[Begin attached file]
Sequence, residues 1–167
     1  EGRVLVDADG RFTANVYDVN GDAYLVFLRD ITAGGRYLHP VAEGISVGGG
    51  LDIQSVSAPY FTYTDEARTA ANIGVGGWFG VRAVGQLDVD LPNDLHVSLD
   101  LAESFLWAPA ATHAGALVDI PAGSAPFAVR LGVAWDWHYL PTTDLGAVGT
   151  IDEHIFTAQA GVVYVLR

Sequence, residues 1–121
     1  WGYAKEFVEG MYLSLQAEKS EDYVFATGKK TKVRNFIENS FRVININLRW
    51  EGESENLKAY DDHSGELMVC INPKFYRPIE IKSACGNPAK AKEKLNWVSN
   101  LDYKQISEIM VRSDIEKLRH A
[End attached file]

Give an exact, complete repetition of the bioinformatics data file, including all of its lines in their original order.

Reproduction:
Sequence, residues 1–167
     1  EGRVLVDADG RFTANVYDVN GDAYLVFLRD ITAGGRYLHP VAEGISVGGG
    51  LDIQSVSAPY FTYTDEARTA ANIGVGGWFG VRAVGQLDVD LPNDLHVSLD
   101  LAESFLWAPA ATHAGALVDI PAGSAPFAVR LGVAWDWHYL PTTDLGAVGT
   151  IDEHIFTAQA GVVYVLR

Sequence, residues 1–121
     1  WGYAKEFVEG MYLSLQAEKS EDYVFATGKK TKVRNFIENS FRVININLRW
    51  EGESENLKAY DDHSGELMVC INPKFYRPIE IKSACGNPAK AKEKLNWVSN
   101  LDYKQISEIM VRSDIEKLRH A